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Recent paradigm shifts suggest that psychopathology manifests through dynamic interactions between individual symptoms.
To investigate the longitudinal relationships between symptoms in a transdiagnostic sample of patients with psychiatric disorders.
A two-wave, cross-lagged panel network model of 15 nodes representing symptoms of depression, (social) anxiety and attenuated psychotic symptoms was estimated, using baseline and 1-year follow-up data of 222 individuals with psychiatric disorders. Centrality indices were calculated to determine important predictors and outcomes.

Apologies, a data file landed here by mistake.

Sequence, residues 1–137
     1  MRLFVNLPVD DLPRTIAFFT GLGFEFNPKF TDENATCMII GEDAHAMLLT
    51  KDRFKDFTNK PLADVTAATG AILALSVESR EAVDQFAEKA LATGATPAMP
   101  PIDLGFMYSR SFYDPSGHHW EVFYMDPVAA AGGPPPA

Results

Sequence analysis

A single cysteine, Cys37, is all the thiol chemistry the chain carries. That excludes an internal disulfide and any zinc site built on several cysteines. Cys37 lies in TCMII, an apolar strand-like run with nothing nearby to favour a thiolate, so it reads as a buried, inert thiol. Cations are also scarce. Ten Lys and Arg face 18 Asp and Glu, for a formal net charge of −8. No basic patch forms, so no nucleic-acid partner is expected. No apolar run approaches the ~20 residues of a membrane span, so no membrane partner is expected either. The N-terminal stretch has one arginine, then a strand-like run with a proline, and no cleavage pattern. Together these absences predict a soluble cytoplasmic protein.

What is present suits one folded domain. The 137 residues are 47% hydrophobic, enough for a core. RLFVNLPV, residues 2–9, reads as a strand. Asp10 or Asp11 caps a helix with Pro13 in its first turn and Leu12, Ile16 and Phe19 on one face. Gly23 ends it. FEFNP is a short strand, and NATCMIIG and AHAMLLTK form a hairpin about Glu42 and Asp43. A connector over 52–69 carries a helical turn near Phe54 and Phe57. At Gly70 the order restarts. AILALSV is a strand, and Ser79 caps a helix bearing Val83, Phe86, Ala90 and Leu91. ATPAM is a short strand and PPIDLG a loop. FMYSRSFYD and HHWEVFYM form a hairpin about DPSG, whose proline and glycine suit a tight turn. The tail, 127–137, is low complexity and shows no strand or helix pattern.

Our results demonstrated that the strongest relationships in the network were between (a) more suicidal ideation predicting more negative self-view, and (b) autoregressive relationships of social anxiety symptoms positively reinforcing themselves. Negative self-view was the most predictable node in the network as it had the highest ‘in-expected influence’ centrality, and may be an important transdiagnostic outcome symptom.
The results give insight into longitudinal interactions between symptoms, which interact in ways that do not adhere to broader diagnostic categories. Our results suggest that self-view can also be a transdiagnostic outcome of psychopathology rather than just a predictor, as is normally posited, and may especially have an important relationship with suicidal ideation. Overall, our study demonstrates the dynamic complexity of psychopathology, and further supports the importance of investigating symptom interactions of different psychopathological dimensions over time and across disorders.